In order to meet growing global demand, Ministers discussed the need to increase agricultural productivity through adoption of new technologies, improved production and business practices, increased research and development, and labour investments. Building on the current five-year Growing Forward 2 (GF2) policy and programs, Ministers examined longer-term issues, trends and strategies that will guide the future success of the sector. In this context, Ministers were briefed on the recommendations in the final report of the Agri-Innovators Committee which provides a foundation for government and industry action in key areas to support tomorrow’s globally successful sector.
Regulatory modernization efforts will further enhance sector competitiveness and maintain a world-class system that protects the health and safety of Canadians with the appropriate level of oversight. Ministers recognize the importance of the proposed Canadian Food Inspection Agency (CFIA) outcomes-based transformation initiatives to reduce unnecessary regulatory burden, and remove barriers to innovation, while ensuring alignment of FPT actions.
Crop Variety Registration
Ministers received a progress report on the modernization of Canada’s variety registration system and industry engagement results. Federal officials will proceed with plans to transform the existing system while preserving the current benefits, quality assurance and Canada's international reputation as a producer of high quality grains, oilseeds and field crops.
The federal government has taken concrete measures through Bill C-30 to manage the backlog of grain and help the transportation system respond to future peak demand. This includes increased supply chain transparency, strengthened contracts between producers and shippers, and implementation of rail and grain regulations by August 1st for the start of the crop year. As governments and industry drive to improve productivity and yields, a strong and expanding logistics system is essential for Canadian producers and shippers to remain competitive in domestic, continental and offshore markets.
International Strategy and Trade
With almost half of Canada’s total agricultural production destined for export, the sector’s growth potential lies in its ability to expand markets abroad, making this a key priority for both industry and governments. In 2013, the Canadian agri-food and seafood industry exported a record $50.4 billion. Ministers continue to support efforts to stimulate innovation and cultivate a competitive advantage that complements governments’ pro-trade market development initiatives, recognizing the importance of supply management. Ministers remain supportive of an ambitious international agenda including trade negotiations, market access and market development activities, and of ongoing collaboration to maximize the impact of international efforts. The Canadian wine industry presented an overview of their sector, which stressed the importance of this agricultural growth area, for both domestic and export trade markets.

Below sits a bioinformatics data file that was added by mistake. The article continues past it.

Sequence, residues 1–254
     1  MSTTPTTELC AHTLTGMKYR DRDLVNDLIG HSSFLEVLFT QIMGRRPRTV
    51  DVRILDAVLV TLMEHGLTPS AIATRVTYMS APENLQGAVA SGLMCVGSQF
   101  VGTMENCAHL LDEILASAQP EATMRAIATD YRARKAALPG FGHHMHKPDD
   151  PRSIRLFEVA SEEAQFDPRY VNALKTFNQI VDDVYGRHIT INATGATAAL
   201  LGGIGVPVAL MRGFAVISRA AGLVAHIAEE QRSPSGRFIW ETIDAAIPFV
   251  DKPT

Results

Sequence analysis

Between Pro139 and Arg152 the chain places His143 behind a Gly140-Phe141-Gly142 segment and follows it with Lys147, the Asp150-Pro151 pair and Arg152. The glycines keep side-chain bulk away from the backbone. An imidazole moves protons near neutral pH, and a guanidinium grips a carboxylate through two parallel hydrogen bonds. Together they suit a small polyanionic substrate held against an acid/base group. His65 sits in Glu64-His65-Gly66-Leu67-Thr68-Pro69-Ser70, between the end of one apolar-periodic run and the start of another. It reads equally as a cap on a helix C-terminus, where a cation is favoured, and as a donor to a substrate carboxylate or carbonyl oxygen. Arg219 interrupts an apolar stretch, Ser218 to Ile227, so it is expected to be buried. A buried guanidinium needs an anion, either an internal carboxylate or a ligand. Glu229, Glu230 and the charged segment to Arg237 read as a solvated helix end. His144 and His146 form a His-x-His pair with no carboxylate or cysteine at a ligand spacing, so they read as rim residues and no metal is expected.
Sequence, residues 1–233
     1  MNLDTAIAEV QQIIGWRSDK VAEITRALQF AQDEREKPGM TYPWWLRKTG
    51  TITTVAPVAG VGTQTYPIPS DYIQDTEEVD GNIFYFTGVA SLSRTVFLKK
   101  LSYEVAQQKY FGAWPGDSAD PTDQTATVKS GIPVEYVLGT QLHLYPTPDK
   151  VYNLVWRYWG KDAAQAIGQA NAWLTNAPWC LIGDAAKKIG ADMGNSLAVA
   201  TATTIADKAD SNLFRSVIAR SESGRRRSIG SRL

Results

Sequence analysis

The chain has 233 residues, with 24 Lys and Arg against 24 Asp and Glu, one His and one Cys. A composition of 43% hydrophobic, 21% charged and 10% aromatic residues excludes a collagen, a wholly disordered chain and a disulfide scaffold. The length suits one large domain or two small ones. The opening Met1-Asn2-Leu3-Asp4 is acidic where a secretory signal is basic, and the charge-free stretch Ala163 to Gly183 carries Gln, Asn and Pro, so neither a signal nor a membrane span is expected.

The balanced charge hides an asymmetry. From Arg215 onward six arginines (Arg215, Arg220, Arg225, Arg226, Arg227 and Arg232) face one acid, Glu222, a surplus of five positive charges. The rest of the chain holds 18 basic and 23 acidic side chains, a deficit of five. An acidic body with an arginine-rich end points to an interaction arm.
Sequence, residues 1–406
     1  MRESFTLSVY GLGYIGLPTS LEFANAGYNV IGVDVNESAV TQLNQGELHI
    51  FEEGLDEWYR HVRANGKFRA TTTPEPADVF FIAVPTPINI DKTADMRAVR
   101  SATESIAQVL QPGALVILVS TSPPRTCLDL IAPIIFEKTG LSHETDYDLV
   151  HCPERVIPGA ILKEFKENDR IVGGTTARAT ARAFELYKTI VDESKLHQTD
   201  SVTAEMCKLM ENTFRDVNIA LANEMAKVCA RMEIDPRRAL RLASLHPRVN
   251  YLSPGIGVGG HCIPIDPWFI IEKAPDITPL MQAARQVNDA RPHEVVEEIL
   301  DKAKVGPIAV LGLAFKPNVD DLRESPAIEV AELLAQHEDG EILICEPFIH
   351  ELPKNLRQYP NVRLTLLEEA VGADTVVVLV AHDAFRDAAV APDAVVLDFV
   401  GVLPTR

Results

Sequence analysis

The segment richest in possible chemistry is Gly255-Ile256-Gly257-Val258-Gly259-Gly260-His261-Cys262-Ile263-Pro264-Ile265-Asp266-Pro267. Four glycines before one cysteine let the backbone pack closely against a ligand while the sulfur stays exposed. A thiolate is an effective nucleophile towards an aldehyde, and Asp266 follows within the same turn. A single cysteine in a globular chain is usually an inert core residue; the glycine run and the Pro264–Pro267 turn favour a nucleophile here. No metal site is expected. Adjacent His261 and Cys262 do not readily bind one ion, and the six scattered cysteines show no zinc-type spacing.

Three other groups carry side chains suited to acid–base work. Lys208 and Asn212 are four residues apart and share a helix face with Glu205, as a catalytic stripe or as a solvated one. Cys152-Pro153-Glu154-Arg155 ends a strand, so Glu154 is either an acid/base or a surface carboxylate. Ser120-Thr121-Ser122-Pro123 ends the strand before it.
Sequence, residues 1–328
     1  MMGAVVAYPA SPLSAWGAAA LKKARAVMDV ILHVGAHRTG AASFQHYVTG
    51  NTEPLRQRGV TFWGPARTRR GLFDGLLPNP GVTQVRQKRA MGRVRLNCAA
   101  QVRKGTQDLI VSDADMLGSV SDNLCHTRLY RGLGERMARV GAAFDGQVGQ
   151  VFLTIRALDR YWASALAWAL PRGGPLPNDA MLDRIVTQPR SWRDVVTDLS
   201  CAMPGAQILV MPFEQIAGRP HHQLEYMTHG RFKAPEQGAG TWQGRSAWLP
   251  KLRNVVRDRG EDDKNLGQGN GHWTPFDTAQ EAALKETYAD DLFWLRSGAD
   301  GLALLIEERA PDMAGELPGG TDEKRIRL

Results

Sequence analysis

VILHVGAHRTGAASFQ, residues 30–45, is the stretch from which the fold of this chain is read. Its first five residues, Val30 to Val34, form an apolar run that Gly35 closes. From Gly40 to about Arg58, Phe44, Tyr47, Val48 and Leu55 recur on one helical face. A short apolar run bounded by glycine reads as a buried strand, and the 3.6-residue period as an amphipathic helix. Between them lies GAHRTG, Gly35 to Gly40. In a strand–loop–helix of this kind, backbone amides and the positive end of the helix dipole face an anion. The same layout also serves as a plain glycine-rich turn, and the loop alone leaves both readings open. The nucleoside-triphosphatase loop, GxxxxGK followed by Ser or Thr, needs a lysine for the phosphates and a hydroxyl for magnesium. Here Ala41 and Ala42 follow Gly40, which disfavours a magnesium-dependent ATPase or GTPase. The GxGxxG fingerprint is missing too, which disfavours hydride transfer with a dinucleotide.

Business Risk Management (BRM)
Just as the vibrant Canadian agricultural sector continues to transform and grow, so too does the risk landscape. In order to mitigate the economic costs of adverse events, Governments significantly bolstered insurance programs under Growing Forward 2 (GF2) to serve as a producer’s first line of defense. This includes enhancements to crop insurance, as well as the new Western Livestock Price Insurance Program. In addition, GF2 includes an extensive suite of Business Risk Management (BRM) programs to help producers cope with severe market volatility and natural disasters. FPT governments will continue to monitor and evaluate BRM programs, and engage industry to ensure they are meeting producers’ needs, and to inform the next policy framework.
Ministers endorsed proactive work on an approach to mitigate risks, focusing on all components of emergency management: prevention, preparedness, response, and recovery. Part of this work will complement FPT governments focus on better collaboration between governments, academia and industry in exploring avenues to prevent animal and plant health risks which pose a threat to the sustainable and economic well-being of the sector. Ministers also noted the significant work undertaken with industry towards the development of a Livestock Market Interruption Strategy, and recommitted their support to this project to ensure its completion in 2015.
Ministers committed to continue work with the bee and crops industries towards sustaining a healthy bee population. With respect to the issue of Porcine Epidemic Diarrhea Virus, Ministers acknowledged the importance of collaborative efforts used to contain the virus, and encouraged continued emphasis on the implementation of bio-security measures across the value chain to further protect the pork industry. In addition, Ministers discussed the importance of integrated water management practices for sustained growth and risk mitigation.